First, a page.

Are these the greatest poems about babies?
Bad poetry inspired by people’s babies gave us one useful legacy: the phrase ‘namby-pamby’. Used to describe something weak, ineffectual, and slightly pathetic, the term was originally coined in reference to the work of the poet Ambrose Philips (1674-1749), who was widely mocked by his contemporaries for his babyish verses written in celebration of the offspring of the great and good. But poets have occasionally got it right, and succeeded in writing memorable and moving poems about babies. Here are five of the very best baby poems.
William Blake, ‘Infant Joy’. A baby is born, a little miracle with the gift of life. But what should the infant be called? ‘Joy’, of course, in honour of the joy of new life a baby represents! ‘Infant Joy’ was published in Blake’s 1789 collection Songs of Innocence, and like many of the poems that appeared in that volume, it had a counterpart in the later Songs of Experience, ‘Infant Sorrow’, which can be read here. Read the rest of this entry
10 classic poems of travelling
According to Thomas de Quincey, Wordsworth clocked up an estimated 180,000 miles during his lifetime, walking around his beloved Lake District (to say nothing of the Quantocks, where he lived near Coleridge during the 1790s). Given that there is a strong link between poets and travelling of various kinds – whether walking, sailing, or travelling in some more abstract, metaphorical or spiritual sense – we felt it was time we put together some of the greatest journey poems. Many, though not all, of these classic travelling poems are available in the excellent anthology, Nation’s Favourite Poems Of Journeys (Poetry).
Andrew Marvell, ‘Bermudas’. This poem, from the seventeenth-century poet Andrew Marvell, is set in the Atlantic ocean and focuses on a group of people aboard a boat, and clearly in exile from their native land. They spy the island of Bermuda, and sing a song in praise of the island. The next 32 lines of the poem comprise their song. The people aboard the boat praise God for leading them to this previously undiscovered island, which seems ‘far kinder’ than the island they have left behind, namely Britain. These people have endured and eluded sea-monsters and storms, and God has led them to safety on the ‘grassy stage’ of this new island. It is mentioned that they are fleeing England because of ‘prelates’ rage’, namely religious persecution – so ‘Bermudas’ is a poem about undertaking a difficult journey to find a new place where a community of people can start afresh. Read the rest of this entry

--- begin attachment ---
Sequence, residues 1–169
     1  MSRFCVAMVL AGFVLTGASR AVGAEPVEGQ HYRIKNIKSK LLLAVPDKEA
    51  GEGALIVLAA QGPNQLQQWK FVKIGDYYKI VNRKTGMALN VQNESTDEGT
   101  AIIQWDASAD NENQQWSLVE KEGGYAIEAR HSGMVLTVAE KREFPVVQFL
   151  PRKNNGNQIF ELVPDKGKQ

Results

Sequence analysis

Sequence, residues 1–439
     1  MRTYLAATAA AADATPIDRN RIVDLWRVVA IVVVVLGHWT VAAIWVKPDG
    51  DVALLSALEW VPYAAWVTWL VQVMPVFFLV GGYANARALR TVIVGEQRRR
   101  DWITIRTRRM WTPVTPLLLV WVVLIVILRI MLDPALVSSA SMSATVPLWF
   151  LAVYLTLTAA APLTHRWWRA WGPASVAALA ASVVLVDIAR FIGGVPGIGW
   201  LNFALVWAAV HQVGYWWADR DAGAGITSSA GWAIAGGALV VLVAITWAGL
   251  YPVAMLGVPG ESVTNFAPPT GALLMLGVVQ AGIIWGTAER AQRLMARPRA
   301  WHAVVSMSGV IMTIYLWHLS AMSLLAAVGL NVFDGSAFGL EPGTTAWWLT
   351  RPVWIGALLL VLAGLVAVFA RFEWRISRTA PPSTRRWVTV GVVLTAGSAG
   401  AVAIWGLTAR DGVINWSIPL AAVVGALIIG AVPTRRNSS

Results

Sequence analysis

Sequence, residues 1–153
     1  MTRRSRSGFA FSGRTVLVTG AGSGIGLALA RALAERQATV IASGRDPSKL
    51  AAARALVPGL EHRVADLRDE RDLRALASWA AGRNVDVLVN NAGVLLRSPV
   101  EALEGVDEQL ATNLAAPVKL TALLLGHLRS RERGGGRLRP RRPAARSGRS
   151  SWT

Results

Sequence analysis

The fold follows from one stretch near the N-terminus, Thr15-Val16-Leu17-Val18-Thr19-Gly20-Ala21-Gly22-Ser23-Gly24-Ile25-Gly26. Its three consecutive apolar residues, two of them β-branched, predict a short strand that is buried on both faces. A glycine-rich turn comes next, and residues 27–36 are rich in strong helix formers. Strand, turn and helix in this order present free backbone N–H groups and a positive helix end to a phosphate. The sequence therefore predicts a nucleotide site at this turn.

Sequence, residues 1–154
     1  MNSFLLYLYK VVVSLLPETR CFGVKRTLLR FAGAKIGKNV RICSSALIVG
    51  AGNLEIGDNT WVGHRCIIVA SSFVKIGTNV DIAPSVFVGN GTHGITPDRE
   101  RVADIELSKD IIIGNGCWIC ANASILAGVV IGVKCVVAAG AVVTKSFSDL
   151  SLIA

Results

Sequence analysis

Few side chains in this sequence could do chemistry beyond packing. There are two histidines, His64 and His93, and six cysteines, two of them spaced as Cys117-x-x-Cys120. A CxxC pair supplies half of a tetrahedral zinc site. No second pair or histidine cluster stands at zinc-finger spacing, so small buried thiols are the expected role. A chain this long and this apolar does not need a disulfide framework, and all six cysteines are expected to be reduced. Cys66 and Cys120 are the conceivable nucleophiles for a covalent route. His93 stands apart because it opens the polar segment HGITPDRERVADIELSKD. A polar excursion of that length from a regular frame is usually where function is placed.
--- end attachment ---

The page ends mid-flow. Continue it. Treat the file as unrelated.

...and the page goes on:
The best examples of Romanticism
English Romanticism tends to be dominated by a few names: Wordsworth, Coleridge, Byron, Shelley, Keats. Here, we’ve tried to strike a balance and offer ten of the very best Romantic poems from English literature, which ensures that these canonical figures are well-represented, while also broadening that canon to include some important but slightly less famous voices. We hope you like this short introduction to Romanticism told through ten classic Romantic poems…
William Wordsworth, ‘My heart leaps up’. This simple nine-line poem describes how the poet is filled with joy when he sees a rainbow, and how he hopes he will always keep that sense of enchantment with the natural world. The poem contains Wordsworth’s famous declaration, ‘The Child is father of the Man’, highlighting how important childhood experience was to the Romantics in helping to shape the human beings they became in adult life. Read the rest of this entry